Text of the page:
FLUIDS USED DURING MACHINING
Cutting fluid is a fluid which is employed during machining operations such as turning, drilling, reaming, grinding, stamping and milling. It reduces the friction and hence reduces the power requirements. It cools the tool as well as the work piece. Cooling of the cutting tool maintains its cutting ability and hence increases the tool life. It will also increase the rate of production. Cooling of the work piece saves it from thermal deformation and improves the surface finish. Thus rejection of the final product is reduced and also the value of product is increased because of improved surface finish. Different types of cutting fluids such as water, soap solution, oils, oil-water emulsions, pastes, gels, aerosols and air or other gases are used in different machining operations. Water is cheap and best but causes rust. Therefore something is to be added to water to make it a better cooling cutting fluid.
Functions of a Cutting Fluid
- Does effective cooling
- Provide good lubrication
- Prolong cutting-tool life
- Assure rust protection
- permit less heat production
- reduce power consumption
Desirable Qualities of a cutting fluid
- Good cooling capacity
- Good lubricating qualities
- No bad odor
- Low viscosity
- should be Nonflammable
- Non decomposable
- Non- corrosive
- Easy separation from work piece and chips
- Quick setting of grit and fine chips so these are not recirculated along with the coolant
- It should be safe to use.
- Resistant to fungus growth.
- Resistant to bacteria and mold growth.
- Requires no additives to preserve a fresh, clean product.
ADVANTAGES OF CUTTING FLUIDS
- Reduces rusting
- Reduce power requirements for machining
- Increases tool life
- Improves surface finish on the work piece
- Reduces the amount of heat generated during cutting
- It breaks the chips into small pieces.
- Removes the chips away from the tool.
- Reduces work piece rejections
- It permits higher speed which reduces machining time
- Increases rate of production
- Decreases cost of production
- Easy separation of chips from the work piece
- Quick setting of grit and fine chips so they are not recirculated with the cooling fluid
Examples of cooling fluids
- Straight oils—–Petroleum oils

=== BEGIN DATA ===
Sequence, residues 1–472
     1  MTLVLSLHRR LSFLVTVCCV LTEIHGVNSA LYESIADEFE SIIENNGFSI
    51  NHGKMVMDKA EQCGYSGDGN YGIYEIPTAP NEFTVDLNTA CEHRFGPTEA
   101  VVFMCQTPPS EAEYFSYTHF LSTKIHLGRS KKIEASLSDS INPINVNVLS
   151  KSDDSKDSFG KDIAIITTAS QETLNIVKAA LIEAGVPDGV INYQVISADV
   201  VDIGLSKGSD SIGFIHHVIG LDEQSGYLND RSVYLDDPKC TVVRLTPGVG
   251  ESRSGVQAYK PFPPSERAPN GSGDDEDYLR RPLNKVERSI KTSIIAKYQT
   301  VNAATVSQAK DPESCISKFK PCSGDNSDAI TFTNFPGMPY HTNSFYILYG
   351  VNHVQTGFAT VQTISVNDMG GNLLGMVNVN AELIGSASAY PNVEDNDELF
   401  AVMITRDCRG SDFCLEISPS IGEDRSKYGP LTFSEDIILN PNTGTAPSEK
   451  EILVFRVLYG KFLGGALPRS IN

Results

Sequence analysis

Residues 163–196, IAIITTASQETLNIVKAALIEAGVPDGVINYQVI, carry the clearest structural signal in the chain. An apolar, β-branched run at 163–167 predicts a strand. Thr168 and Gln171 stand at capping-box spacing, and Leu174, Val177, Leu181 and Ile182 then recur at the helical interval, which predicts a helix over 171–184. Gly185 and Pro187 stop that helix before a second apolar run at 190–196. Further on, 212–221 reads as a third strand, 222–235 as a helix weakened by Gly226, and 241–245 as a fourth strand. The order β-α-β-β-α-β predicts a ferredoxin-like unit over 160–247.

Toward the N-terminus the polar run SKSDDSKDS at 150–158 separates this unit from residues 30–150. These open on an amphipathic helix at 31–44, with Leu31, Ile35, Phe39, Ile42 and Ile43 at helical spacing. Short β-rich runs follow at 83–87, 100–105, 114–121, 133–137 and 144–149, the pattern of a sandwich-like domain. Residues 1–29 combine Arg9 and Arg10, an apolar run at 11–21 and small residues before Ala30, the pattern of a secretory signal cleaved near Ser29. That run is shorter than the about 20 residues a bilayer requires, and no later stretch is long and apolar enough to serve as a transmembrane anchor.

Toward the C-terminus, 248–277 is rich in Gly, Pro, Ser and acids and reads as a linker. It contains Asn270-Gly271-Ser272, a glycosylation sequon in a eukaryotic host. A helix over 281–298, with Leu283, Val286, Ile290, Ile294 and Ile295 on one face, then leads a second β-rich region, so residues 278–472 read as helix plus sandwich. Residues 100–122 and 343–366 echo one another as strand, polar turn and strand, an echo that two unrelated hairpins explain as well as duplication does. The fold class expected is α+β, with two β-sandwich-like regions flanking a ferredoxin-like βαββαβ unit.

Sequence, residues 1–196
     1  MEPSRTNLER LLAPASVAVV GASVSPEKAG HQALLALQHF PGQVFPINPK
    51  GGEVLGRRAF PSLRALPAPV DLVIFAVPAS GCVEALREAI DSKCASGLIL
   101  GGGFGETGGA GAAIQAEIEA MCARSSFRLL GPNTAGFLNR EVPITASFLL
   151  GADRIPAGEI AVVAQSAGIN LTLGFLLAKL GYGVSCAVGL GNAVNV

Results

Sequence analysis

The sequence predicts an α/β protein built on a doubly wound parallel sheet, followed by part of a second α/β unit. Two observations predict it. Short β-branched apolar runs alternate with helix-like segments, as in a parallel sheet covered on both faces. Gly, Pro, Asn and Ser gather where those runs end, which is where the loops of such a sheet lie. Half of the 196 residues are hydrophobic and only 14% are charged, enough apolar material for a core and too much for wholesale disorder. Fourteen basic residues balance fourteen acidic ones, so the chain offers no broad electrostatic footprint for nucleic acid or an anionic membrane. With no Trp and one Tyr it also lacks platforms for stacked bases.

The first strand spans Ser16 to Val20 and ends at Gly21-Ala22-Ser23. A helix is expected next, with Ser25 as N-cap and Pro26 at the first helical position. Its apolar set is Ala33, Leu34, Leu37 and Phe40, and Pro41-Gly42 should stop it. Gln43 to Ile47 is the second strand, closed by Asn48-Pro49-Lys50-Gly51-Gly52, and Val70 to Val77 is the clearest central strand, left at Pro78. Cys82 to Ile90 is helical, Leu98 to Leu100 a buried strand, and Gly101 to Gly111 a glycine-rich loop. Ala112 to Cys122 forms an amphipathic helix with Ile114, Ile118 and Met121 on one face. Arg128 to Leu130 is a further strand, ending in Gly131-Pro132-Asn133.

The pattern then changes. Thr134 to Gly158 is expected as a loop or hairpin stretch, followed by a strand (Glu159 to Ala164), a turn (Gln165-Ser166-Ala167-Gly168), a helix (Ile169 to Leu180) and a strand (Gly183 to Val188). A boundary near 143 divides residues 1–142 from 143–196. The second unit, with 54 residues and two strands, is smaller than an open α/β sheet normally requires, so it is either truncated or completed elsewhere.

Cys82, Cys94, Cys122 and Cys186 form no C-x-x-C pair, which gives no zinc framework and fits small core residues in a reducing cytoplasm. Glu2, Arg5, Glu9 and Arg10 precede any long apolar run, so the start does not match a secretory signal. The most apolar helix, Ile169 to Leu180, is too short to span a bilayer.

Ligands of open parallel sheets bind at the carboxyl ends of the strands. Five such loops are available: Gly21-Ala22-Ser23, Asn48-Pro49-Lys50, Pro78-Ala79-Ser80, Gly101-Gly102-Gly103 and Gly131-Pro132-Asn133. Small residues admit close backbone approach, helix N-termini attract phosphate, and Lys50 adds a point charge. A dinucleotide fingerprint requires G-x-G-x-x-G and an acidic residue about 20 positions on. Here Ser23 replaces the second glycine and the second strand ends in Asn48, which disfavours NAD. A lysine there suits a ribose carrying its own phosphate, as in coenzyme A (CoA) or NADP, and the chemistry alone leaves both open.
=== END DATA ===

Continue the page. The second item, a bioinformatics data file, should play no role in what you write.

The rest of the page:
- Soluble oils—– These oils form an emulsion when mixed with water. In this, a base mineral oil and emulsifiers produce a stable emulsion. These are used in a diluted form (usual concentration is 3 to 10%). These are widely used and are least expensive among all cutting fluids.These are available as Apex 9900, Apex 9800, Apex 9500
- Synthetic fluids——- Synthetic Fluids are formed from alkaline inorganic and organic compounds along with additives for corrosion inhibition. These are also used in a diluted form (usual concentration is 3 to 10%). Synthetic fluids have the best cooling performance among all cutting fluids.
- Semi-synthetic fluids— Semi-synthetic fluids are the combination of synthetic and soluble oil having properties of both. Their cost is in between the cost of synthetic and soluble oil fluids.
- Lord oil with mineral oil is used with steels.
- Sulphur brass oil with mineral oil is used with alloy steels.
- Soluble oil with 90 to 95% of water is used with copper.
- Mineral oil with soluble oil is used with aluminium.
- No cutting fluids are used with cast iron.
MAINTENANCE AND DISPOSAL OF COOLING FLUIDS
Refractometers are used to measure the concentration of emulsions. pH meters are used to measure the pH value. Biocides are added to reduce bacteria growth. Particulate matter is separated with a centrifuge. These degrade with the passage of time and these are rejected. Before disposal these are treated with chemicals to make these harmless to the living beings and the environment.